The U.A.E., with its October through April racing season, is the main destination for children trafficked for camel racing; in July 2003 Unicef estimated the number trafficked to U.A.E. alone to be in the thousands. U.A.E. has vowed to crackdown on the use of children under fifteen years or forty-five kilograms as jockeys but enforcement appears to be limited to repatriating children whose handlers apply for visa renewals. A group of twenty-one boys age six to twelve-years deported to Pakistan in May 2003 reportedly told Pakistan's Lawyers for Human Rights and Legal Aid that they had been working as jockeys for as long as five years before their deportations, and had suffered sexual abuse, denial of food, and severe beatings.

This year saw an important step forward with the entry into force of the International Convention on the Protection of the Rights of All Migrant Workers and Members of their Families. The Migrant Workers Convention has now been ratified by 22 states - Azerbaijan, Belize, Bolivia, Bosnia-Herzegovina, Cape Verde, Colombia, Ecuador, Egypt, El Salvador, Ghana, Guatemala, Guinea, Mexico, Morocco, the Philippines, Senegal, Seychelles, Sri Lanka, Tajikistan, Uganda and Uruguay - but has yet to be widely adopted by many wealthy and industrialized countries that depend heavily on migrant labor.

The Migrant Workers Convention guarantees the full range of internationally recognized human rights to all migrant workers and their families, including the right to life, the right to not be subjected to torture or other forms of ill-treatment, the right to due-process of law, and the right to freedom of movement, association, expression, and religion. It guarantees to migrants and their families "effective protection by the State against violence, physical injury, threats and intimidation, whether by public officials or by private individuals, groups or institutions."

Many states seem reluctant to adopt the Migrant Workers Convention for fear that it will somehow privilege migrants, particularly those with "irregular" status. But the Migrant Workers Convention only reinforces human rights standards to which the same states are usually committed under other treaties. It recognizes the serious worldwide problem of migrants without legal status and, while seeking to protect them from exploitation, calls for cooperation among states parties to prevent and eliminate such "illegal or clandestine movements and employment." The Convention also grants broad latitude to states to maintain their own policies with respect to immigration, and requires migrant workers "to comply with the laws and regulations of any State of transit and the State of employment," and "to respect the cultural identity of the inhabitants of such States."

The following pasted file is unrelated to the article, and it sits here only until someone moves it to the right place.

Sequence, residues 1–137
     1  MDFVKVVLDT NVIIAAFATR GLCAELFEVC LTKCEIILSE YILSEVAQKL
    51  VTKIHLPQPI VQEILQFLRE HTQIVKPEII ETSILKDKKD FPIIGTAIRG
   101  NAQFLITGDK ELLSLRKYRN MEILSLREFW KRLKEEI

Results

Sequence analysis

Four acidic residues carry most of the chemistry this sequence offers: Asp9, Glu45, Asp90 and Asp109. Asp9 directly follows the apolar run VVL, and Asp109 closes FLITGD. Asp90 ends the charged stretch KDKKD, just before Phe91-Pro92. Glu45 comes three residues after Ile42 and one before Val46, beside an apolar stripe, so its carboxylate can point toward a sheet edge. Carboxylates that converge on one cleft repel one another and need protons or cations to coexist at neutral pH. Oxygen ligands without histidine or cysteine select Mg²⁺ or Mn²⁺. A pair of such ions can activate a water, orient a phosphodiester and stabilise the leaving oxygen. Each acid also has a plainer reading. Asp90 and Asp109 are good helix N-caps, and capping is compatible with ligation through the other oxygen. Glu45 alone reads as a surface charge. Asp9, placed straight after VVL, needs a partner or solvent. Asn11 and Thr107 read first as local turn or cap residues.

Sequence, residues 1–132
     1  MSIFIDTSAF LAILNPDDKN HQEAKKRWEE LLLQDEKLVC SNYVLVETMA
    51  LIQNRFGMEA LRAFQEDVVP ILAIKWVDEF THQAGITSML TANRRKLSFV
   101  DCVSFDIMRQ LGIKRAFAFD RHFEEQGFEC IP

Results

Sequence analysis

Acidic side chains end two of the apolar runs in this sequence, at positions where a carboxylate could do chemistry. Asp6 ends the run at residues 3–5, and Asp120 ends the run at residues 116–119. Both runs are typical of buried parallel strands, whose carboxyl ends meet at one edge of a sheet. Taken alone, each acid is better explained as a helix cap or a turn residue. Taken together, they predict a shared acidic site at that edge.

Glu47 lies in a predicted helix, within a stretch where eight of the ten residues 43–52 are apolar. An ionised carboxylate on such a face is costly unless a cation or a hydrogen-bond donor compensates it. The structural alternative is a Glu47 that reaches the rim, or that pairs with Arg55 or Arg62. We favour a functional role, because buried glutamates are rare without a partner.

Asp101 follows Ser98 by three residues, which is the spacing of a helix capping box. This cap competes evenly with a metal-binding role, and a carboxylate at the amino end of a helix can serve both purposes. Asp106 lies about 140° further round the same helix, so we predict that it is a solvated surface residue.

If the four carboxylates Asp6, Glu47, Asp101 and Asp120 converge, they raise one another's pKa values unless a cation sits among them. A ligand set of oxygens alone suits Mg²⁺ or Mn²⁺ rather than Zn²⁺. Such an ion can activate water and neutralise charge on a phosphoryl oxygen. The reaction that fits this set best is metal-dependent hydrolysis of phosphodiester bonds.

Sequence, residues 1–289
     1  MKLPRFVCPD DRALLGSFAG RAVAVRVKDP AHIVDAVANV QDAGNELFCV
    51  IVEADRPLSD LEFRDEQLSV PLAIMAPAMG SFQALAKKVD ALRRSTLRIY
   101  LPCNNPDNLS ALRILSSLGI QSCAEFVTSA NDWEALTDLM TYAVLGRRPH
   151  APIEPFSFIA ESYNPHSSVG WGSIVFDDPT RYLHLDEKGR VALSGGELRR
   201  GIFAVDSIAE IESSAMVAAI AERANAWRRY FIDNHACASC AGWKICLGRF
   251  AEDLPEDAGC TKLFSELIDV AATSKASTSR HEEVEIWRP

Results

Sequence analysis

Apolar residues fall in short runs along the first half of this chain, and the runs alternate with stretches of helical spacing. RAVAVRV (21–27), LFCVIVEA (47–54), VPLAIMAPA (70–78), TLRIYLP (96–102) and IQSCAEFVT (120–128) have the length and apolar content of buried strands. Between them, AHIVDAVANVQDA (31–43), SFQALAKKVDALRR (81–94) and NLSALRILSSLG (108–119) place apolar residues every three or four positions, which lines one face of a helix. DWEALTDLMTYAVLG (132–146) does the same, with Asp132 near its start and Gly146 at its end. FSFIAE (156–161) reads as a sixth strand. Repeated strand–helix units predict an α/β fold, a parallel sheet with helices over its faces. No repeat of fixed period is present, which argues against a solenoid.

The World Bank has recognized that increasing labor mobility is a priority for poverty reduction and economic development in many countries. But these important reforms need to be accompanied by effective measures for the protection of migrant workers from exploitation and abuse.

In this regard, the Bank can play an important role in encouraging countries to adopt and implement the protections contained in the Migrant Workers Convention. The Bank should address the problems experienced by migrant workers in its dialogue with governments as an obstacle to poverty reduction and development. It should help governments with the proper regulation of migration and employment agencies to ensure migrants' interests are protected. And it can strengthen the capacity of governments to combat trafficking and punish the private agents and employers involved in exploitation or abuse.

The Bank should also lend its support to international calls, including by the UN Secretary General, for an international conference on migration and development, to help the international community address these issues in a more comprehensive and effective manner.

We thank you for your attention to this important issue and wish you a very successful meeting.

Yours sincerely,

Kenneth Roth
Executive Director
Human Rights Watch